Trump targets Mexico, hits the Fed
We cannot be sure if Trump’s Mexican tariffs are just part of his bargaining strategy, but it may get him the Fed rate cut he wants.
Interest rate expectations have moved significantly over the past week following President Trump’s tweet that he was putting tariffs on Mexico. The market is now pricing in nearly three rate cuts of a quarter point each this year from the US Federal Reserve (Fed). Only a week ago the market was pricing in just one.
Our view has been that the Fed would ease, but not until next year when there would be more evidence of a slowdown in activity.
Alongside the stalling in the US-China talks, the latest tariffs represent a ratcheting up of trade tensions and would hit growth, not just in Mexico but also in the US. Macro-models suggest US GDP would be some 0.7 percentage points weaker in 2020 than otherwise. This would put the US in recession on our forecasts.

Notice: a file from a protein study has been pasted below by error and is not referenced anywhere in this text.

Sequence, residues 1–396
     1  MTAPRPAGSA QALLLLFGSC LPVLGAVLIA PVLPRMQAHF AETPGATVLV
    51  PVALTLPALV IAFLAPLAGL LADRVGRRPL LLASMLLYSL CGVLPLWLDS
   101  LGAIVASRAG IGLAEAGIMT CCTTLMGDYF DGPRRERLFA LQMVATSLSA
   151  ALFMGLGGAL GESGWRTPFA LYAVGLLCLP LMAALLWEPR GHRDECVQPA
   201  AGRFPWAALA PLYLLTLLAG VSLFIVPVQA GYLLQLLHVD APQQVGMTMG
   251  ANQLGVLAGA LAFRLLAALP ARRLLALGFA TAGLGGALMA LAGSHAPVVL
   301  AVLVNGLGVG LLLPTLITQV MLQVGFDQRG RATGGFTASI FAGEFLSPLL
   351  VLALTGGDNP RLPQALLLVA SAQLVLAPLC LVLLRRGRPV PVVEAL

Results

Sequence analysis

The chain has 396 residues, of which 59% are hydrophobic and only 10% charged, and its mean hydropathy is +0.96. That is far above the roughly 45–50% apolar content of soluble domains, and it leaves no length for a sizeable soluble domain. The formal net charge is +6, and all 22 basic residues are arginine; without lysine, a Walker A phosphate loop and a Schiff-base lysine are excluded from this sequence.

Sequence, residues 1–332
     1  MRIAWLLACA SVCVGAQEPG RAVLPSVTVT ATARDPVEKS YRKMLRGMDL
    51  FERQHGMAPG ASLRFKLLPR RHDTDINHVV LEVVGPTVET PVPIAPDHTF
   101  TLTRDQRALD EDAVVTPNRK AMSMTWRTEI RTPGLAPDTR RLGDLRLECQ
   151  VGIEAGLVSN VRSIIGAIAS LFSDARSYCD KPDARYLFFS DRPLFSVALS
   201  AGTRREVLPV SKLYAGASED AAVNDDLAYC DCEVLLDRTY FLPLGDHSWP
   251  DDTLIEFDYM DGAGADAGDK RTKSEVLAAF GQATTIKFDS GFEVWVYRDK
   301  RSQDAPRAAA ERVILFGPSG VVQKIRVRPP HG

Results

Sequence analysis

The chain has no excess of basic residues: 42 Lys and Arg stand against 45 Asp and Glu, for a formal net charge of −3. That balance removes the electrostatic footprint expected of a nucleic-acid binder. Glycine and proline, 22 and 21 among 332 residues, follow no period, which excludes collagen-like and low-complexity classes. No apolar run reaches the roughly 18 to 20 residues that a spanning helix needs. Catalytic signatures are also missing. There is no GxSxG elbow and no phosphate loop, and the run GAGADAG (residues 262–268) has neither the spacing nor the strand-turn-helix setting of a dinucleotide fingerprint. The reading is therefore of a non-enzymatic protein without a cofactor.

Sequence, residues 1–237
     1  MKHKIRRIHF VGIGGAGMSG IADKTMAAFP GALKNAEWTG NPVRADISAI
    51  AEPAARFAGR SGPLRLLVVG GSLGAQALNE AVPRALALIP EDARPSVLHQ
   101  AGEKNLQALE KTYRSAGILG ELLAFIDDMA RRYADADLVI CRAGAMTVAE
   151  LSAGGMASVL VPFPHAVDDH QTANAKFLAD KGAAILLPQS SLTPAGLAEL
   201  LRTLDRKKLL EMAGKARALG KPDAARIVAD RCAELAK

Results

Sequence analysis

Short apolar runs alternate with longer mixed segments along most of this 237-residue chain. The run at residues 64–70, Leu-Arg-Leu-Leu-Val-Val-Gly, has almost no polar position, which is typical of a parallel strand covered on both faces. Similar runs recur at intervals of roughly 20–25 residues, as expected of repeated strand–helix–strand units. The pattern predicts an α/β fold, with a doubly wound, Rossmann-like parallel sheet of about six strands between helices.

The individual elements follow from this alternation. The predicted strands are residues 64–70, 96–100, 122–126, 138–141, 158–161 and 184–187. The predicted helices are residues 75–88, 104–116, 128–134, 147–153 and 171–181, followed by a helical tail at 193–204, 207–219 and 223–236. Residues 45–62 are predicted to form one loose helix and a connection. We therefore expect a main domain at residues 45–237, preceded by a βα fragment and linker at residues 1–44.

As always with President Trump one cannot be certain whether his latest move is part of a bargaining strategy and that ultimately he will not follow through. The problem for the Fed is that the market seems to have decided he means it. Consequently it is more difficult for the central bank to push back without triggering considerable financial volatility.
Looking at the impact on the economy, higher tariffs hit trade but much of the near-term effect is likely to be through weaker confidence and falling equity markets, areas the Fed can influence.
Chair Jerome Powell offered markets some reassurance yesterday when he said the Fed was monitoring the implications of the trade negotiations and would act appropriately to sustain the expansion. Meanwhile, there are signs that the economy is cooling and inflation remains low so there is little to stop the Fed making a precautionary “insurance” cut. This could come in late July but more likely September.
It remains to be seen whether Trump’s threats on tariffs achieve a resolution of the immigration crisis with Mexico, but it may get him the rate cut he wanted from the Fed.
The views and opinions contained herein are those of Schroders’ investment teams and/or Economics Group, and do not necessarily represent Schroder Investment Management North America Inc.’s house views. These views are subject to change. This information is intended to be for information purposes only and it is not intended as promotional material in any respect.